'It can't always be a straight line in this industry': 5K bosses Moe Bah & Kilo Jalloh talk business

'It can't always be a straight line in this industry': 5K bosses Moe Bah & Kilo Jalloh talk business

Moe Bah and Kilo Jalloh, co-founders of 2K Management and 5K Records, have told Music Week that the secret to their success with acts such as J Hus and Libianca is “being close with our artists”.

“That is one of our principles,” said Bah (above, right), speaking alongside Jalloh (left) for The Music Week Interview in our latest issue. 

“I think a lot of labels tend not to be too close to the artists,” he added. “It’s really just the A&R in the middle and they pretty much deal with it and the presidents don’t speak to the A&R, they’re not active, they don’t go to the studio, they’re not in it, breathing it.” 

Bah said that he, Jalloh and their team invest everything into building relationships with their artists.

“For us it’s like, ‘Let’s stick to what we know from management and let that reflect in what we do on the label,’” he said. “We are in constant communication with our artists, we make sure we’re in all the group chats, all the sessions and actually understand them.”

Expanding on how that operates in practice, Jalloh stressed that closeness is reflected in how 5K and 2K do business.

“It’s a very close friendship, family vibe,” he said. “The 2K team comes in every Tuesday and Thursday, and on Thursdays we all do a big brainstorm. We take one artist from the label, one artist from the management roster and we come up with ideas. It’s inclusion, appreciating everyone’s efforts.” 

The pair, who are half brothers, grew up on opposite sides of London and came together as managers to steer the nascent career of their friend J Hus. In the wake of the rapper’s Mercury Prize nominated debut Common Sense, they starred in Music Week’s Rising Star column in 2017.

In 2020, buoyed by further success for Hus, Jae5, Young T & Bugsey and more, they founded 5K Records in partnership with Sony Music UK. This year, they scored a huge hit with Libianca’s People, after A&R Melanie Ijieh discovered the singer on TikTok.


Bah reflected on the early days of 5K.

“We had an approach of just doing what every other label does and hiring a general manager, or this person because Warner or Columbia has them, or this is how these corporate buildings work…” he explained. “But what has worked is just sticking to the basics and following our core principles. Once we started doing that and brought in a few people from 2K, we started seeing a lot more success.”

The pair also revealed the ways in which their experience in management influences their work with 5K.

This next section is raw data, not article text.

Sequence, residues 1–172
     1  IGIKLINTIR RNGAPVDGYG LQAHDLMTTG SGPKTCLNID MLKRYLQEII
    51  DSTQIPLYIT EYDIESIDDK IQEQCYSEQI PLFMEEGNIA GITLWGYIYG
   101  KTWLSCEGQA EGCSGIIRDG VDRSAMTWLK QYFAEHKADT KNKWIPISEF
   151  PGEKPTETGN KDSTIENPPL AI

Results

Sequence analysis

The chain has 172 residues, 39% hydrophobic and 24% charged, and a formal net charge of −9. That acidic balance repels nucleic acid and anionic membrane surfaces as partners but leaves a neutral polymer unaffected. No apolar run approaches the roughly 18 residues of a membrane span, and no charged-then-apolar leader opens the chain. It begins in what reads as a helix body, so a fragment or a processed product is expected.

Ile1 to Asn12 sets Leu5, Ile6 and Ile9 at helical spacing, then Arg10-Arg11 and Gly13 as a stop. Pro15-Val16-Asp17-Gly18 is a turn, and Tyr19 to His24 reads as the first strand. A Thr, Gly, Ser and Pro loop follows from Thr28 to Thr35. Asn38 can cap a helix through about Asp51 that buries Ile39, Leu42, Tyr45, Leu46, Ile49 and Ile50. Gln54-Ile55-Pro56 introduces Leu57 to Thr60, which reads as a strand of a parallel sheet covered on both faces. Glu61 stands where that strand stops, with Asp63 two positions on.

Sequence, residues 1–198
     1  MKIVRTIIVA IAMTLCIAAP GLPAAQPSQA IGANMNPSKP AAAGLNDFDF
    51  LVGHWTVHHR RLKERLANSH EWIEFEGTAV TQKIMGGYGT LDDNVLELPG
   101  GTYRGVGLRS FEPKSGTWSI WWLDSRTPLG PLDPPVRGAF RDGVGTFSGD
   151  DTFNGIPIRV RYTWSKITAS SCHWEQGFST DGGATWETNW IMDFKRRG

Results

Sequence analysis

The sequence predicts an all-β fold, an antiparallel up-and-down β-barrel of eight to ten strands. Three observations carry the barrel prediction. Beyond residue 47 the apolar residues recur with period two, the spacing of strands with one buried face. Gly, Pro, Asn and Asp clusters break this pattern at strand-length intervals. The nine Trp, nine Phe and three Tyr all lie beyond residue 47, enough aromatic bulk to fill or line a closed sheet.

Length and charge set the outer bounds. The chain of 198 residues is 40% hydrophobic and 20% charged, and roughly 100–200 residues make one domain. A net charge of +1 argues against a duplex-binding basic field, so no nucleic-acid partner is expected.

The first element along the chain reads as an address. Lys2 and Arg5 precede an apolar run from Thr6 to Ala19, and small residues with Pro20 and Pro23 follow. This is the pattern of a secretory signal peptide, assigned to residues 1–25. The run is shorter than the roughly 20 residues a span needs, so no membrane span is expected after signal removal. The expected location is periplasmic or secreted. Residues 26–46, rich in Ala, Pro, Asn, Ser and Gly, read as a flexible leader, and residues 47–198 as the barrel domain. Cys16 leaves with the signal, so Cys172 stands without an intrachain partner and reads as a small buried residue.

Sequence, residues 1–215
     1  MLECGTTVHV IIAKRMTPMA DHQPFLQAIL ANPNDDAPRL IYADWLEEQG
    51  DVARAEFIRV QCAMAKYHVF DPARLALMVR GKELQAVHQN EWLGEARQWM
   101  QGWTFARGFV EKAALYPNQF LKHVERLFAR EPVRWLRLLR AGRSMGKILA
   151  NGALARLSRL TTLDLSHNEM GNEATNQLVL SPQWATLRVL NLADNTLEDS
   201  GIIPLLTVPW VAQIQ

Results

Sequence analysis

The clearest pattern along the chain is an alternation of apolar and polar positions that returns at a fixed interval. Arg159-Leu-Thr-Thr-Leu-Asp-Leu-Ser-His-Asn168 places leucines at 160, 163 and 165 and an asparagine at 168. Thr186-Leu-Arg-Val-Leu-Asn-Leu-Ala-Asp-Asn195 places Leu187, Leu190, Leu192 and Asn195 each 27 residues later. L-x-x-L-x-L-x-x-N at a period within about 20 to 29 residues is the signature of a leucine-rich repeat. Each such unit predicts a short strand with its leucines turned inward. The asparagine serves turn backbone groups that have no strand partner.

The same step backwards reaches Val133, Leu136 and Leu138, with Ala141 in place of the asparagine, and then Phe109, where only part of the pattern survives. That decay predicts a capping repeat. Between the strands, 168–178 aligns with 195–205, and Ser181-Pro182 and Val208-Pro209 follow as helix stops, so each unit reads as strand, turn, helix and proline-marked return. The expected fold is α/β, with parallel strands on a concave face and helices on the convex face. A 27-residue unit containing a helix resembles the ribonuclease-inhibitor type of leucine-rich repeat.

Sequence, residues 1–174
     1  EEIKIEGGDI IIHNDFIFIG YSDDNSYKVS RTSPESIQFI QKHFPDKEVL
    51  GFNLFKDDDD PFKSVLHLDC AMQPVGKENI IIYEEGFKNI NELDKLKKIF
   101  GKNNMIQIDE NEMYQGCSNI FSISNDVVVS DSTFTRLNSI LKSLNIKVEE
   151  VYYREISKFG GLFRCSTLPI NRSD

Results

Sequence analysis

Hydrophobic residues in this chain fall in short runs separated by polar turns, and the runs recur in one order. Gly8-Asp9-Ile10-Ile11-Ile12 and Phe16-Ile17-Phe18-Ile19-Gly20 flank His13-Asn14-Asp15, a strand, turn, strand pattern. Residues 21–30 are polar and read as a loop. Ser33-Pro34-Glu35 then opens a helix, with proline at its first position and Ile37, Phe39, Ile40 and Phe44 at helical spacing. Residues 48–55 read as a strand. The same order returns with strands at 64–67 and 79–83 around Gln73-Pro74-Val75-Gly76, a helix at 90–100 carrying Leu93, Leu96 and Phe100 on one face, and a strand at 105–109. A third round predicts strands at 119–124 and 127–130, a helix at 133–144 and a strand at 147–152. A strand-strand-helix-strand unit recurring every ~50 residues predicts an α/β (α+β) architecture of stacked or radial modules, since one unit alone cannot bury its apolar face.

“As managers, we’ve been in situations where it feels like we’re not getting the full information and it just seems a bit strange,” said Bah. “It’s like, ‘Just be honest, because we understand how business works, we’re not going to kick up a fuss.’ Where we come from, everything’s just about being honest and loyal.”

“For the first two years, the mistake we made at the label was coming into it too much like managers,” added Jalloh. “So if an artist told us their vision for a video, we were like, ‘I get it, 30 grand video, let’s go!’ Then things like, ‘We’ll take a cab to here, get vocal coaching, this and get that…’ And it’s like, ‘Oh, we’re spending a lot here!’”

Bah suggested that the methodology they’ve settled upon stands apart in the industry.

“The way we do it might not be normal, it might be a bit rogue, it might be a bit, you know, scatty and sometimes it’s a bit messy, but it works,” he said. “It can’t always be a straight line in the music industry and if it’s too straight it doesn’t work for us. It’s like a rollercoaster, and that’s what works for us.”

There are still some [ways of working] that we’ve kept, and I don’t want to say rogue, but there are some bits that work better our way, some things in Black music are just a bit different from a big corporate organisation, so [sometimes] it’s just like, ‘We’re going to get a bit of trouble there, but it will be worth in the long run.

Jalloh went on to emphasise that “transparency” is at the heart of their operation.

“We tell the artists, ‘We love you, we would not have put pen to paper if we didn’t, but we have to understand it’s a business,’” he said. “Sometimes we break it down and show them, ‘This is how much you’ve made in total, this is how much you’re in minus. Let’s make this make sense.’ We even put it down to KPIs with one artist. It was like, ‘This is the budget, let’s break it down, divide it by how many songs we want to put out. This is the bare minimum we will spend, and if you reach this amount of views, streams, recreations, we’ll spend more.’” 


The duo believe that this approach can lead to more productivity.

“I think that motivates [artists] because sometimes they get to a label, give you the song, shoot the video and think the label does the rest,” said Jalloh. “Jae5 came up with the analogy that it’s like a relay race. If you do your 100 or 200 metres, then we can bring it home. But if you don’t, we can’t do the whole race.” 

Bah pointed to one further source of motivation for 5K, which plans to broaden its roster into 2024.

“I remember someone said to me, ‘Don’t start a record label, because when you do start one, your management company will suffer,’” he revealed. “And I said to them, ‘Not ours, I’m going to prove you wrong, and we’re going to make sure they’re both levelling up and doing as well as each other.’ That is something that still really keeps us going.”

Pick up the new edition of Music Week to read the interview in full. Subscribers can read it online here.

PHOTO: Richard Kattah

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